Over with the rest of the cast, Mesmero is used well, basically playing the same trick he did in his greatest hit by ensnaring all of Excalibur (including Phoenix, the second time he's taken control of a being with the power of the Phoenix), but with the clever twist that this time he's just using them to defend himself against whatever entity it is that wants him to use his otherwise-legit political contacts for evil. The end result manages to strike just the right balance between familiarity and innovation, recalling the original story but not just repeating it beat for beat, adding to the appeal of a story that isn't knock-your-socks-off-brilliant but benefits from a consistent narrative focus, a few familiar faces, and Claremont's steady hand.

Next Issue
Tomorrow, Wolverine goes back in time in Wolverine #35. Next week, the X-teams hang out in Uncanny X-Men #273, and a trio of new characters debut in New Mutants #98.

8 comments:

  1. Well, they did go on that mission to fight Juggernaut in THOR...

    Maybe Claremont didn't bother to read any of the fill-ins and just assumed they were full of missions.

    (For whatever reason, the idea of superheroes going "on missions" just sounds weird to me. Like it's kind of a generic term similar to heroes who go "on patrol" every night. It doesn't ring true somehow. I know this makes little sense, but I've always felt that way.)

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    1. Well, they did go on that mission to fight Juggernaut in THOR...

      You know, when I wrote that sentence, I thought "somebody is probably going to point out the Thor story", but I kept it to myself, just to see who got to it first. :)

      Maybe Claremont didn't bother to read any of the fill-ins and just assumed they were full of missions.

      Heh. I find something deeply amusing about this. Like, Claremont just assuming the title has been humming along, doing its thing, operating like any other superhero book, when in fact it's been this random hodgepodge of stories and tones and artists.

      Like it's kind of a generic term similar to heroes who go "on patrol" every night. It doesn't ring true somehow. I know this makes little sense, but I've always felt that way.

      I kinda get what you mean. It feels...stodgy and old-fashioned, like the Avengers holding formal meetings and electing chairpeople, or Xavier handing out demerits. It doesn't bother me when used for more formal or proactive teams (like the Avengers), and I can definitely see Batman going out on nightly patrols, but for groups where fighting bad guys is a secondary concern (or more a concern only when the bad guys present themselves), like the FF or even the X-Men, it feels...not right. Like the writer is trying to shoehorn them into a role just for the sake of narrative expediency.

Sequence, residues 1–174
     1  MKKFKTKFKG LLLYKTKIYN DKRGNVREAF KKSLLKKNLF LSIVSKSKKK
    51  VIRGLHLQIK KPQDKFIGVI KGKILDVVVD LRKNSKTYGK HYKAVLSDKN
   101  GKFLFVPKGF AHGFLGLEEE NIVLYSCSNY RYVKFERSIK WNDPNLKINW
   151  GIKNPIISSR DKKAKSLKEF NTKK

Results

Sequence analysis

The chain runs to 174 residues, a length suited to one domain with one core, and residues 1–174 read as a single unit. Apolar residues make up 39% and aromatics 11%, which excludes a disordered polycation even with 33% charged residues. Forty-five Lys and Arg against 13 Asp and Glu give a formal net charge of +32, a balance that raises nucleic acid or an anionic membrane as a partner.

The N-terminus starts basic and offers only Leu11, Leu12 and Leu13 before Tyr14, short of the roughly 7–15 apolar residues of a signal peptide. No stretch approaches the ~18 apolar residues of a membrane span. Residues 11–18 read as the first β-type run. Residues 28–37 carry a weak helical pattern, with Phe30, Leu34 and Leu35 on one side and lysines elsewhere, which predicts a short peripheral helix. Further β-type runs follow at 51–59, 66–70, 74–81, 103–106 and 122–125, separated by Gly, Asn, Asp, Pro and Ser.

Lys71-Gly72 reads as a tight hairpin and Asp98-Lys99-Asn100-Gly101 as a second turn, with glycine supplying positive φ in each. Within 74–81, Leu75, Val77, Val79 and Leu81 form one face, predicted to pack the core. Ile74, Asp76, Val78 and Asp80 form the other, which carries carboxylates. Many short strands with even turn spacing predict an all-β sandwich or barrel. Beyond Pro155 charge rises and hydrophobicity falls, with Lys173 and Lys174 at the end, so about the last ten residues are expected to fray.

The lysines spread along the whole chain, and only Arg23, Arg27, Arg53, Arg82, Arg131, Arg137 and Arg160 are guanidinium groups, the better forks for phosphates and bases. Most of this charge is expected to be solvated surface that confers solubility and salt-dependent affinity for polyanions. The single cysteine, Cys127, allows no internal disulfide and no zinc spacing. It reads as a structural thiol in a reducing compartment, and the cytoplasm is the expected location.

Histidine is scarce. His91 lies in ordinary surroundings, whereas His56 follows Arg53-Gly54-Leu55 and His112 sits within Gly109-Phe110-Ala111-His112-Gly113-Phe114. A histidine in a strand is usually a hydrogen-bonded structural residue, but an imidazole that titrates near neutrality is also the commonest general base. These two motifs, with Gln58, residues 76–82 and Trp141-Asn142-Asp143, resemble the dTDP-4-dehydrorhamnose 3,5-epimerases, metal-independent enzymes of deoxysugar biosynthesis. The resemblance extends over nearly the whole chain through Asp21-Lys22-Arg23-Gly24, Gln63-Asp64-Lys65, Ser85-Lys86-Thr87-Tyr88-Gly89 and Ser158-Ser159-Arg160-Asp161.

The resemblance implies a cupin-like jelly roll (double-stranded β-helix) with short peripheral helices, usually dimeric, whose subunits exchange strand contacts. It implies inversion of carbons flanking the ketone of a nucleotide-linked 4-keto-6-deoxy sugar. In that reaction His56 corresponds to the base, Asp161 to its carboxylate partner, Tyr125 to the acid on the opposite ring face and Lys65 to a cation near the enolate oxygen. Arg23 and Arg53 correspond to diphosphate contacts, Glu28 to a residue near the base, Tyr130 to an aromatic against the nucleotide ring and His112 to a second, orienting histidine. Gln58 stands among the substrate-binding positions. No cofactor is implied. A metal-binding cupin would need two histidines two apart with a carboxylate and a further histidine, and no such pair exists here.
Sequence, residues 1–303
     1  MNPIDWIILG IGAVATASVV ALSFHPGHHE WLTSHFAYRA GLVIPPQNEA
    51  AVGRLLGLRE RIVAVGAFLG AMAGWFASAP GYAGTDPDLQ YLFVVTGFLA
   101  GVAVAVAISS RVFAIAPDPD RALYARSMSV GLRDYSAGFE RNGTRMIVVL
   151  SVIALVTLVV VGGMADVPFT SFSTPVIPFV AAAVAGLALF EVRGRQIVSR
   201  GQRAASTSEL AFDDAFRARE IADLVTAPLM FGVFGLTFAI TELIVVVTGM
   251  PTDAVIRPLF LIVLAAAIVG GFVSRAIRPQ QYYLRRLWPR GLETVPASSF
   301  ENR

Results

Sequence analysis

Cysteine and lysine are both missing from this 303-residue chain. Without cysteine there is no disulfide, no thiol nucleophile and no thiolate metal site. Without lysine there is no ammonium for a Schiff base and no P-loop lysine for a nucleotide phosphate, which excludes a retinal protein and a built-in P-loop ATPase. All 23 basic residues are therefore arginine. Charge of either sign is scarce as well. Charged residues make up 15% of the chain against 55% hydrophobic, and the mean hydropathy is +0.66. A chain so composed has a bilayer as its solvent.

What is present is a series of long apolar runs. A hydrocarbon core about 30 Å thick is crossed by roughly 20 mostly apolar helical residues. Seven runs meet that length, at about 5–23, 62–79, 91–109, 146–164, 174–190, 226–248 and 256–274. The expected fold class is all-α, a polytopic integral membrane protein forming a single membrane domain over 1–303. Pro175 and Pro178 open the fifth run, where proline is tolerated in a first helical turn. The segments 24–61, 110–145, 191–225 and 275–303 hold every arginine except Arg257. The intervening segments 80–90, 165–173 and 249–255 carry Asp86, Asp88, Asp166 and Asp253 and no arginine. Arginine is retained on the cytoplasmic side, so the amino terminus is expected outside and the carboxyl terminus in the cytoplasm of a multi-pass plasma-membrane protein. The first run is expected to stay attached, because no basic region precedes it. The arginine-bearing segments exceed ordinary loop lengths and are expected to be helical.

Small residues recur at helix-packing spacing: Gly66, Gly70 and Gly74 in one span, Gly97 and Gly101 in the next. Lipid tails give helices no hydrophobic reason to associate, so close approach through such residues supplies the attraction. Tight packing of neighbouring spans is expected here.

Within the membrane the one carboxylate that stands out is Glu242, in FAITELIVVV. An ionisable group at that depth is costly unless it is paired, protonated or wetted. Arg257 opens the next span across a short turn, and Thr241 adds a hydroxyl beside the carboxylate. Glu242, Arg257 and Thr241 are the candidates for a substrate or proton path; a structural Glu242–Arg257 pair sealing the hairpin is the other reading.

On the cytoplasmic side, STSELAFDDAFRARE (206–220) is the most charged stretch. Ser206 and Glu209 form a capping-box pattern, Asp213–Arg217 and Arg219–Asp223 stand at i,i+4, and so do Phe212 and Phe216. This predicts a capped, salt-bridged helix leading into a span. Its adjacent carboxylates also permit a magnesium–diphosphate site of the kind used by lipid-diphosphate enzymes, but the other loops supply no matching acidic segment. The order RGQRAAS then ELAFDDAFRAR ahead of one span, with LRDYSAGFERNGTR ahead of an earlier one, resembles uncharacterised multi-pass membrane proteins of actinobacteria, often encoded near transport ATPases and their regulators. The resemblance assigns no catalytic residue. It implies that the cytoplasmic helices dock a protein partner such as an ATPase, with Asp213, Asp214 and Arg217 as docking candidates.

It didn't bother me here because I *want* Excalibur to be the British Avengers (well, I just want Excalibur to be SOMETHING), aside from the fact that, as I mentioned, we haven't actually seen Excalibur do much that could be termed a mission. Aside from the Thor story, of course.

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    2. Teebore:I *want* Excalibur to be the British Avengers (well, I just want Excalibur to be SOMETHING)

      Just take note of this thought now and bring it back up when Alan Davis steps in. ;)

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  2. They can hardly say they've been on credulity-eluding happenstances of serial nature month in, month out. Missions and patrol are good codewords, as long as you immediately ignore them instead of thinking Cable or something.

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    1. "Adventures", maybe? Nah, that has some cheesy connotations to it as well. You're right, that "missions" and "patrols" are probably the least of all evils, and best just breezed past.

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  3. Small correction: the backup story with Jean in the miniskirt occurs in Classic #17, not 13.

    I didn't realize Claremont was giving a shoutout to Hama with that female character. That's neat. I really want to read Nth Man one day.

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  4. "their involvement just seems to be a way for Claremont to remind readers of the still-simmering Shadow King plot."

    I wonder if CC was going to have Excaliber involved in that storyline had he stayed on the title? It does seem strange to have him keep bringing up the subplot in this title, giving it almost as much subplot time here as he does in Uncanny.

    "At one point, Captain Britain mentions in passing Excalibur going on missions"

    Well, they kind of did with Juggernaut and Lightning Squad...I think?

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  5. // what are these missions he speaks of //

    Right?

    Good cover from Steve Lightle… I’ve found some of his art too stiff in the past but enjoyed a fair bit of it too.

    Claremontisms: Kitty’s use of “expulsoids” feels like one, just in the general way that he has her and other youngsters add “-oid(s)” to words to sound, I dunno, teenagery.